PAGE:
Vertical wind turbines are making an impression in the alternative energy scene these days for their unique design and new applications. Vertical Axis Wind Turbines (VAWT’s) are enjoying a revival of popularity, as they offer a number of advantages over more conventional Horizontal Axis Wind Generators (HAWT’s). Vertical wind turbines are not a new concept; since the Persians were using them thousands of years ago. VAWT’s are different from traditional HAWT’s because their main axis is perpendicular to the ground. Vertical wind turbines have a unique spinning rotor which is directly connected to a solid monopole or a vertical shaft. The rotor is connected through a gearbox to a generator which produces electricity.
VAWT’s Operate in Any Wind Direction
Vertical wind turbines, unlike other wind conversion devices, do not have to be positioned so that the rotors are facing in a moving wind current. The rotors can face in any direction, and still collect wind energy for conversion into mechanical energy. This is because vertical wind turbines are able to detect and catch the wind in any direction, no matter which way the wind is blowing.
VAWT’s Are Efficient, Quiet, & Can Handle High Wind Speeds
Vertical wind turbines are more efficient than their traditional counterparts because they have more blades which are able to utilize more wind. Today’s vertical wind turbines utilize available technology to provide vibration-free and quiet operation. VAWT’s can handle high wind speeds without sustaining damage. Vertical axis wind turbines are also considered more visually appealing than horizontal axis wind turbines.
Vertical Wind Turbines Need Minimal Space
Vertical turbines are ideal for use in cities and close to buildings, are not affected by wind turbulence. They create an extremely low shade profile, and have no disturbing rotor blade ‘disco effect’. Traditional horizontal wind turbines rely heavily upon wide open spaces and strong and constant wind speed of around 10 miles per hour in order to be effective. However, vertical wind turbines are the next generation of wind turbines; they are ideal for generating power in tight spaces, and have no long-reaching propellers.
VAWT’s Work Well in Commercial & Residential Settings
Vertical axis wind turbine models are used in commercial and residential settings. These turbines are the best solution for office buildings as far as cost, noise and efficiency are concerned. Vertical wind turbines are becoming more common place in residential installations, and are expected to grow in popularity in urban settings Residential applications utilize smaller VAWT’s, while commercial settings typically use larger vertical wind turbines for energy generation.
Savonius Vertical Wind Turbines
Savonius wind turbines are a type of VAWT; and they are used for converting the power of the wind into torque on a rotating shaft. Created by Sigurd J. Savonius in 1922, this type of VAWT is used whenever cost or reliability is more important than efficiency. Savonius wind turbines are ideally suited to applications such as pumping water and grinding grain for which slow rotation and high torque are essential. These vertical wind turbines are recognized for their self starting capabilities and their ultra smooth torque leading to minimal issues with vibration. Savonius and other vertical-axis machines are not usually connected to electric power grids. The Savonius VAWT’s are very quiet, are mechanically simple, and require minimal maintenance. Because of their simplicity, Savonius windmills can be created with easily attainable parts, such as buckets and pipes. Overall, Savonius vertical wind turbines are considered one of the simplest windmill designs, are easy and inexpensive to build, and are efficient producers of free electricity.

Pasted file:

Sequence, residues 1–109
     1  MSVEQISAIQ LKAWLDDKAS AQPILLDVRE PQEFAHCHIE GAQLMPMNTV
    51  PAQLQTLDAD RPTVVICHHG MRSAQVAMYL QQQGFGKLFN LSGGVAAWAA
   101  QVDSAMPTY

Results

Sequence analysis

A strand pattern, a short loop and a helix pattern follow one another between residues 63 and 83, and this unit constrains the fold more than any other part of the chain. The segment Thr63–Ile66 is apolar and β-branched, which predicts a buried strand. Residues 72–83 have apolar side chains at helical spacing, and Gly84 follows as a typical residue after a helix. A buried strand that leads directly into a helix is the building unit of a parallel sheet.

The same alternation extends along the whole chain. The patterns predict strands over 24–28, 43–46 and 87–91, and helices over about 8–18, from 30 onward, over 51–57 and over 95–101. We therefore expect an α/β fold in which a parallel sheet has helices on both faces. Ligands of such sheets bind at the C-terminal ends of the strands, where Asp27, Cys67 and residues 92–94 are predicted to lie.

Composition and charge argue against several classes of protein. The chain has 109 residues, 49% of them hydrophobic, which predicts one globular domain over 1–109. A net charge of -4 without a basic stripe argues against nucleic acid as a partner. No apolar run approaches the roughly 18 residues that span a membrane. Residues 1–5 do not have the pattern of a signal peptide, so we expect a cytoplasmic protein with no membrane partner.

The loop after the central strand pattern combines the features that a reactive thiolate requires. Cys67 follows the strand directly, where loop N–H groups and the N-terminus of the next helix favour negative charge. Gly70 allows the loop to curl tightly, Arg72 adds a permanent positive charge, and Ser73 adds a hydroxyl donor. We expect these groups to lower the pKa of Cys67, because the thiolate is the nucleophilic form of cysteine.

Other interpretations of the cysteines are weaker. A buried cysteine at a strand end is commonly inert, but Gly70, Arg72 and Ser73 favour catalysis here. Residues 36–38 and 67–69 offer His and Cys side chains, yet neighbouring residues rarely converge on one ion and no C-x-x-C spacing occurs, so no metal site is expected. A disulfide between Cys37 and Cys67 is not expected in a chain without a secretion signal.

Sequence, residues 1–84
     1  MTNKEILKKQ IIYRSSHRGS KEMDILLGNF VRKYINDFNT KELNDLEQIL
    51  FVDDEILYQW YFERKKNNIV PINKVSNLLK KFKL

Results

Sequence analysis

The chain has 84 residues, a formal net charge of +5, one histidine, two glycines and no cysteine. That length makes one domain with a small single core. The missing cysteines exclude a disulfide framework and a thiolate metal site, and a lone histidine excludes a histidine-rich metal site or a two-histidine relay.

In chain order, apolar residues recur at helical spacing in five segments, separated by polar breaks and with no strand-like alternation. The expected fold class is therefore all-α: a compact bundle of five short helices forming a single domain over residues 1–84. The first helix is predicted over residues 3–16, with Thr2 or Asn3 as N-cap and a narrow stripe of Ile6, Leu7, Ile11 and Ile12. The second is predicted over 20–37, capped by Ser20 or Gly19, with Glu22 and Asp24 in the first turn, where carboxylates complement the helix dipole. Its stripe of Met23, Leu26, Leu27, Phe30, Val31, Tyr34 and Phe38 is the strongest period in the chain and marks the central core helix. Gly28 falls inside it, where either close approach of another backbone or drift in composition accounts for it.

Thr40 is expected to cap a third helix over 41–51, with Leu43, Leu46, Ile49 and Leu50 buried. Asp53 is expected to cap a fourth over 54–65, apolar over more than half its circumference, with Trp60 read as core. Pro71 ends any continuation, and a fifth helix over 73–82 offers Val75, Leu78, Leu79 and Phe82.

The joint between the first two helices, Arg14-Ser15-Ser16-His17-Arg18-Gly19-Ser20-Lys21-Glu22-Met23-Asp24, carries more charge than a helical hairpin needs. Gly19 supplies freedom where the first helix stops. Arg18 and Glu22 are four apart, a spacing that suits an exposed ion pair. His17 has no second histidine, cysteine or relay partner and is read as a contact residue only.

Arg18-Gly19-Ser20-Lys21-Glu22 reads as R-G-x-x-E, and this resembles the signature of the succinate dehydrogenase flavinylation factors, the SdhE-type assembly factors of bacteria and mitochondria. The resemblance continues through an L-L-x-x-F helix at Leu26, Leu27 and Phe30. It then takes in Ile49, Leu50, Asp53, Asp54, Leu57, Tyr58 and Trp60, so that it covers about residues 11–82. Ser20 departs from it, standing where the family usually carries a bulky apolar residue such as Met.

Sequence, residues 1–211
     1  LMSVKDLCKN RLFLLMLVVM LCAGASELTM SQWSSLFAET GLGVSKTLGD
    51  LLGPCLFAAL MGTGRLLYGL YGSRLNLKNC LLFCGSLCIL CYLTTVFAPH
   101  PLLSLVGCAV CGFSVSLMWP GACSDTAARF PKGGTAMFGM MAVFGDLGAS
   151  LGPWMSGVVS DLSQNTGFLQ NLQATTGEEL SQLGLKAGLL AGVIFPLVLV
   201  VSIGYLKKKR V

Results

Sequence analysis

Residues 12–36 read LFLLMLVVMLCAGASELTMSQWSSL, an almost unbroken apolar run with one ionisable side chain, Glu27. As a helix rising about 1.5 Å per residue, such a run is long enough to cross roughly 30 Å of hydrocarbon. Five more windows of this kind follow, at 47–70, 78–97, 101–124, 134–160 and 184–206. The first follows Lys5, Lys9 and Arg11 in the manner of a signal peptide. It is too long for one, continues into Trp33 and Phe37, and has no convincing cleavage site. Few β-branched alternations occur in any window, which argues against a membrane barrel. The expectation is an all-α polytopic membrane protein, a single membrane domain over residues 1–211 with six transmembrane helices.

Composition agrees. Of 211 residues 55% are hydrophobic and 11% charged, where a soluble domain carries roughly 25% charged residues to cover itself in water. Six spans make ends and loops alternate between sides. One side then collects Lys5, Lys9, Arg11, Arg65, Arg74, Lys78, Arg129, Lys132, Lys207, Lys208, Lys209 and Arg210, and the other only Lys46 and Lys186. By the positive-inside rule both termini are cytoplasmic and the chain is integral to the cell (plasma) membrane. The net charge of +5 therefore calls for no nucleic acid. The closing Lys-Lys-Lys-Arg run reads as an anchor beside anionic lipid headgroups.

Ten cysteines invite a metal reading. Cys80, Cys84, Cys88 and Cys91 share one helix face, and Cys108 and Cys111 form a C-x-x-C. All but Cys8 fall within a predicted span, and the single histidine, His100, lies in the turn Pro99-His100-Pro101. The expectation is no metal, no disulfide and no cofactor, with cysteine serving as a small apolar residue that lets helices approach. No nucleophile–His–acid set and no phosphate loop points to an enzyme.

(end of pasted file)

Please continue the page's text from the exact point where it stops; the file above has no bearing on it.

Darrieus Vertical Wind Turbines
The Darrieus vertical wind turbine is a type of wind turbine used to generate electricity from the energy carried in the wind. This wind turbine design was patented by Georges Jean Marie Darrieus, a French engineer, in 1931. The Darrieus wind turbines are recognized for their excellent efficiency and their relatively quiet operation. Darrieus turbines, as with all vertical axis turbines, do not need to orient themselves with the changing wind directions and they readily capture wind energy from any direction. The Darrieus rotor resembles a two- or three-bladed egg beater. A version of the Darrieus wind turbine that includes rotors with straight vertical axis blades is called a Giromill.
Vertical Axis Wind Turbines have unparalleled advantages over Horizontal Axis Wind Turbines in terms of lower rotation speed, lower noise, higher efficiency, and they are not influenced by wind directions. VAWT’s operate well in small spaces, produce efficiently in high winds, and are found in commercial and residential settings. Current versions of vertical axis wind turbines that are available on today’s market include the Darrieus and the Savonius. Vertical wind turbines can be built or purchased